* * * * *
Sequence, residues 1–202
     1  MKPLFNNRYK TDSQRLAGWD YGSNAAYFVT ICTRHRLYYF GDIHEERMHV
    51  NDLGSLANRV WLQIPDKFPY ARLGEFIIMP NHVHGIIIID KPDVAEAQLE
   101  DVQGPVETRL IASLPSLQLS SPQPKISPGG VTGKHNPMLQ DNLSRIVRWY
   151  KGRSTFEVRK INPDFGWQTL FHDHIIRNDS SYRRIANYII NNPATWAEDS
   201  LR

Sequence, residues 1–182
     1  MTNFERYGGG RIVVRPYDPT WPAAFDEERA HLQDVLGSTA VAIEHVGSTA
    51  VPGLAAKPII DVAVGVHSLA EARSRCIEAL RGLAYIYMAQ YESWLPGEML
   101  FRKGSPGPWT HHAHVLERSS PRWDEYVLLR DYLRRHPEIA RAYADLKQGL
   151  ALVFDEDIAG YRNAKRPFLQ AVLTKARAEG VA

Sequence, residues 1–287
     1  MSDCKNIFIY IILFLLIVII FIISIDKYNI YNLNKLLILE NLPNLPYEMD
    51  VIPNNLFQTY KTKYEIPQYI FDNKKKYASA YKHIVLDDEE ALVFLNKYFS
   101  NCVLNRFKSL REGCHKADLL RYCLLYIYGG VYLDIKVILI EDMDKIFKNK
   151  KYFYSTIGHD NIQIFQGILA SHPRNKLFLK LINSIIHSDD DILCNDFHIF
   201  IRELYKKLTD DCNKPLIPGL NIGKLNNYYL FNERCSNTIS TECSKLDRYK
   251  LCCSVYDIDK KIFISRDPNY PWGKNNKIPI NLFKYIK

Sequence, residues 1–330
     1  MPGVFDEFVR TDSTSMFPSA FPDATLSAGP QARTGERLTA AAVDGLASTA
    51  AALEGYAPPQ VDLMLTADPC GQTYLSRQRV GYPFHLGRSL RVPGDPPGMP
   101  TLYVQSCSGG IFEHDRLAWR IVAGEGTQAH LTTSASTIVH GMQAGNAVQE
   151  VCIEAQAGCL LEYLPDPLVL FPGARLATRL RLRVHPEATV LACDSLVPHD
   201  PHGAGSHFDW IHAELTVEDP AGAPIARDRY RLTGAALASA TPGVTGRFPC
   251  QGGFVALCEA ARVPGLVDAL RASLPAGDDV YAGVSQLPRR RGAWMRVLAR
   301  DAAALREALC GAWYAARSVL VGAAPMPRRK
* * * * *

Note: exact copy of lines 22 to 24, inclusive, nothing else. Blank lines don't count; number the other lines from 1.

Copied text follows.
   101  TLYVQSCSGG IFEHDRLAWR IVAGEGTQAH LTTSASTIVH GMQAGNAVQE
   151  VCIEAQAGCL LEYLPDPLVL FPGARLATRL RLRVHPEATV LACDSLVPHD
   201  PHGAGSHFDW IHAELTVEDP AGAPIARDRY RLTGAALASA TPGVTGRFPC